Micah Gelman, the paper’s director of video: “YouTube is a place that people come to watch video specifically. People are much more accepting of a pre-roll experience there….We can sell [YouTube] in a way that we cannot sell Facebook.” (Photo: Jack Pagano, Ariana Television Network)
The Washington Post is not as enthralled with Facebook as a secondary digital distribution platform as many other legacy publishers and broadcasters are.
In fact, said Post Director of Video Micah Gelman at TVNewsCheck’s NewsTechForum today, after its own platform, the most lucrative outlet for the Post’s expanding video output is YouTube.
“YouTube is a place that people come to watch video specifically,” he said. “People are much more accepting of a pre-roll experience there. They’ve built up a lot of experience doing that.”
Because of the pre-roll and the “TV-style” experience, he said, “we can sell it in a way that we cannot sell Facebook.”
The Post’s relationship with Facebook, on the other hand, has been “up and down,” he said.
“We’ve done a lot of Facebook Live and we’ve done some Facebook VOD,” he said. It’s “very important for expanding awareness … but when you are looking for monetization, I think YouTube.”
Gelman said the Post experiments on many platforms. “But we are pretty rigorous about it, making sure there is a return where we can see a path to monetization, of subscription or building audience.
“It’s not a ‘set it and forget it’ relationship with any of these platforms. We want to make sure we are constantly evaluating what the return is and tweaking and moving as we need to be.”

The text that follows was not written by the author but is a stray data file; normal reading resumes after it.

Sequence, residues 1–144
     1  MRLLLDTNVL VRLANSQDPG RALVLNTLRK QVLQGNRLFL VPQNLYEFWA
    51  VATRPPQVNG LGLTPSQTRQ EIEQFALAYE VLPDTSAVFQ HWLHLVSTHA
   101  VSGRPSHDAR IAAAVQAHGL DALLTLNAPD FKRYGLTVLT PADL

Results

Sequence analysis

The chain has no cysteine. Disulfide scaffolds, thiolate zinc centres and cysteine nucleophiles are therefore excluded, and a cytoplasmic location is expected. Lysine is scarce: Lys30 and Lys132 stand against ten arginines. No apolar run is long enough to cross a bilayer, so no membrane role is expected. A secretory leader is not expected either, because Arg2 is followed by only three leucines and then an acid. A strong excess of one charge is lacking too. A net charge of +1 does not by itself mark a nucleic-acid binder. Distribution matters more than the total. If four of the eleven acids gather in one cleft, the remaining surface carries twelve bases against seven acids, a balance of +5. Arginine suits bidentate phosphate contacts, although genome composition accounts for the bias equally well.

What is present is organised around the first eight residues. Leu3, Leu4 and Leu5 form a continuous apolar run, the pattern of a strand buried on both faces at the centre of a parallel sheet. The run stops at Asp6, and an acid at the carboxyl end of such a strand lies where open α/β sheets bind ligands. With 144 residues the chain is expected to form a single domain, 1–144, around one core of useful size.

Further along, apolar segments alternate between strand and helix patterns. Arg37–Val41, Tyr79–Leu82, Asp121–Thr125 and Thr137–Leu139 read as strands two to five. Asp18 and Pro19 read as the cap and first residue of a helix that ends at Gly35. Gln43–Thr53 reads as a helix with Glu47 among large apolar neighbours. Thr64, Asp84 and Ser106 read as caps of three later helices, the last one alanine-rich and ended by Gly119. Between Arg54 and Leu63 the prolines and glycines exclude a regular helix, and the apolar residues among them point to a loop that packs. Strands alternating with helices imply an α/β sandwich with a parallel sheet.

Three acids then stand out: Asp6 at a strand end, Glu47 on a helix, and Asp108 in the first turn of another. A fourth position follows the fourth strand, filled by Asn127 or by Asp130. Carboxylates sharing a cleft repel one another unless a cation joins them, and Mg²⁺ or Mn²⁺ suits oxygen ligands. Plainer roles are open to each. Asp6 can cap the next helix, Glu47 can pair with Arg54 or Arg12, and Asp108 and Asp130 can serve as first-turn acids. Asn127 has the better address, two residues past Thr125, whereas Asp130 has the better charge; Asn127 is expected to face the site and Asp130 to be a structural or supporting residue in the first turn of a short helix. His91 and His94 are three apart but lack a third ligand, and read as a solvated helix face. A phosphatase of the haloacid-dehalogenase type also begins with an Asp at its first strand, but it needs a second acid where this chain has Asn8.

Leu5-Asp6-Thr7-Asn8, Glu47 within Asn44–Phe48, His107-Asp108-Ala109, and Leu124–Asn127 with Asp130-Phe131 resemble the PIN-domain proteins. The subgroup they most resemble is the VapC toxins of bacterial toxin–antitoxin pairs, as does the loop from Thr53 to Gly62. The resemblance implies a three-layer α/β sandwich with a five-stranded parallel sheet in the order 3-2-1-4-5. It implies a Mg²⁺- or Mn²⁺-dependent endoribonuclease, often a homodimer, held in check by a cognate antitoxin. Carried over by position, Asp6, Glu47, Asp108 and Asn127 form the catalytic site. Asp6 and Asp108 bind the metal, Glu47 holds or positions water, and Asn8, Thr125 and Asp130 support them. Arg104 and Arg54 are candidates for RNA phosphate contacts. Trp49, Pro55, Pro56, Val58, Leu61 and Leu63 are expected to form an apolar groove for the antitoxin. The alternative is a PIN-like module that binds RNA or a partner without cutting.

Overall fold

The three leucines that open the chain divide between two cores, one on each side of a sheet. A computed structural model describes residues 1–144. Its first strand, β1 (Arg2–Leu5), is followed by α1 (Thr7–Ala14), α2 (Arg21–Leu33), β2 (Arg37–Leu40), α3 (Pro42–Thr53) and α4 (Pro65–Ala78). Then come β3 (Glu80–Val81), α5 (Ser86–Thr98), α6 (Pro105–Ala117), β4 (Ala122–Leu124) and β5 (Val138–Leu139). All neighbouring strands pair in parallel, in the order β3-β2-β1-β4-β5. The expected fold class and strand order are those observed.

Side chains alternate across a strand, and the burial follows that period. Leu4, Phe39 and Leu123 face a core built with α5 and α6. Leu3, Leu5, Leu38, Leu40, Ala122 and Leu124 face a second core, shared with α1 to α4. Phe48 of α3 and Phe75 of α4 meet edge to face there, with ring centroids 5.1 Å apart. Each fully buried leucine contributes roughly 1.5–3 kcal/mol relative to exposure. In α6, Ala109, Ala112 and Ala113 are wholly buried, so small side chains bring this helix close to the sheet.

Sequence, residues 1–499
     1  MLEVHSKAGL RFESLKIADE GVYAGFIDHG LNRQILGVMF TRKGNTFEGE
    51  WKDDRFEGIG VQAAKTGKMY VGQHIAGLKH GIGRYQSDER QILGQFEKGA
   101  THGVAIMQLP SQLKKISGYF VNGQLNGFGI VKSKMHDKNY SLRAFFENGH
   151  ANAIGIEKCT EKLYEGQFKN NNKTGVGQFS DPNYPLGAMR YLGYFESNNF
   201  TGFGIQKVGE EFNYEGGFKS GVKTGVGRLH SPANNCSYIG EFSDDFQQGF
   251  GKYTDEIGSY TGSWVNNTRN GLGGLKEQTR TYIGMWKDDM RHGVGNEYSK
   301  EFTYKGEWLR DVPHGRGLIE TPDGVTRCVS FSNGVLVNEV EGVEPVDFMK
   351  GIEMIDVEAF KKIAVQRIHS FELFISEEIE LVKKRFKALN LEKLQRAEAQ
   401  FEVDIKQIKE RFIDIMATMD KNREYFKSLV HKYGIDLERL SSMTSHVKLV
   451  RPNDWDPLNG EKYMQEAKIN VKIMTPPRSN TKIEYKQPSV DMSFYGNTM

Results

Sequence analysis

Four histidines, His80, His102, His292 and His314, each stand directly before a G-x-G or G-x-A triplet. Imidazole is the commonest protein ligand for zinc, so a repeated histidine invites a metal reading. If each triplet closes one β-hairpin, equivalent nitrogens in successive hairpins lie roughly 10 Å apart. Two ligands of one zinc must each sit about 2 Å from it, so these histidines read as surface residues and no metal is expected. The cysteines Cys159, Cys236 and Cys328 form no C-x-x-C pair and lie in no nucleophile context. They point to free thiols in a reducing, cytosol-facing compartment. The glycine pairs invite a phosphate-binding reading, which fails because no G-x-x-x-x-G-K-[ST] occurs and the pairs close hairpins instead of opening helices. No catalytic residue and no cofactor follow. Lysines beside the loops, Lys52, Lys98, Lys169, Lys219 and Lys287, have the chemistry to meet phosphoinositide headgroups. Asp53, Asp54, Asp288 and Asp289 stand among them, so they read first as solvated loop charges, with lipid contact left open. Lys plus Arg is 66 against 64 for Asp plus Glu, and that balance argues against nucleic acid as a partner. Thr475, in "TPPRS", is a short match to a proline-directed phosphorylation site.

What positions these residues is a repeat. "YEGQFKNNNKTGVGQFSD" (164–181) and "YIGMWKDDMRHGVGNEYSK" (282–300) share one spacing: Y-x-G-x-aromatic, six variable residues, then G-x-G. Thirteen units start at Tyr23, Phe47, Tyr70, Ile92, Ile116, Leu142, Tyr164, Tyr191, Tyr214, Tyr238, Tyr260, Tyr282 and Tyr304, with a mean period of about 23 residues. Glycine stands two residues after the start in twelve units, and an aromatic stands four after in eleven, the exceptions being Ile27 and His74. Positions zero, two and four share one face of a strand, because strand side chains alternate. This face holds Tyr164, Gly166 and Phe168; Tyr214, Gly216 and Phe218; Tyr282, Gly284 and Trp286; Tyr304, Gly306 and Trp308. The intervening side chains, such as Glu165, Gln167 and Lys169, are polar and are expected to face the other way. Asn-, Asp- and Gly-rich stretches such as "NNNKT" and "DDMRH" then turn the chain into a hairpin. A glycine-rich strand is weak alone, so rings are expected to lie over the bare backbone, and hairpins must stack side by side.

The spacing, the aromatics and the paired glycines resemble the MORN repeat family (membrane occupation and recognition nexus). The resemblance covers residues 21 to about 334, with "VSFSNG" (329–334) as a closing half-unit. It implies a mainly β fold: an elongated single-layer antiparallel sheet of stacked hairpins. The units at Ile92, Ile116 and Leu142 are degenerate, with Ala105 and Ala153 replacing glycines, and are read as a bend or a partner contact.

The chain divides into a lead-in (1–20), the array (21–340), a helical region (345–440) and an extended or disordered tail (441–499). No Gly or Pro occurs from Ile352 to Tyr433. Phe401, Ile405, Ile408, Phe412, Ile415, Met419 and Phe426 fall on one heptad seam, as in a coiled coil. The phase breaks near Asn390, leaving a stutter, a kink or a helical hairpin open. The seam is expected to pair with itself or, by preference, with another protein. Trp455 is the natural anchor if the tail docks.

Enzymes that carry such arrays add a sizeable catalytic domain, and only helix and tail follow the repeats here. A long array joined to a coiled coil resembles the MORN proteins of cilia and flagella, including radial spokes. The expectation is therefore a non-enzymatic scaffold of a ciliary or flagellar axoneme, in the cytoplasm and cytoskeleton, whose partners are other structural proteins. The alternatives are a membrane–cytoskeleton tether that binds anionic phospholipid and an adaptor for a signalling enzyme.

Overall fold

According to Gelman, the Post offers around 75 video stories a day, 30 or so from the Associated Press, Reuters and other news organizations, the rest from its own video production operation.
The Post’s interest in YouTube contributed to a decision to bring on stronger, experienced video and TV personalities this year, he said. “We see them as really geared toward growing our YouTube audience.
“The internet craves personality; it craves voice,” he said. “So, this is a way to give voice to what had largely been voiceless, nameless news packages.
“The narrative journalism of the mini-docs is beautiful, but they don’t necessarily connect you with the reporter voice.”
Gelman said that the Post has mostly gone outside the company for these personalities — Buzzfeed, CNN, PBS’s Nova and the Food Network.
The Post is even trying a bit of humor, he said. “It’s a little bit of a dangerous space, but we have always had political cartoons, we have always had a funny section of the paper so, I think, this is the next evolution of that.”
For complete NewsTECHForum coverage, click here.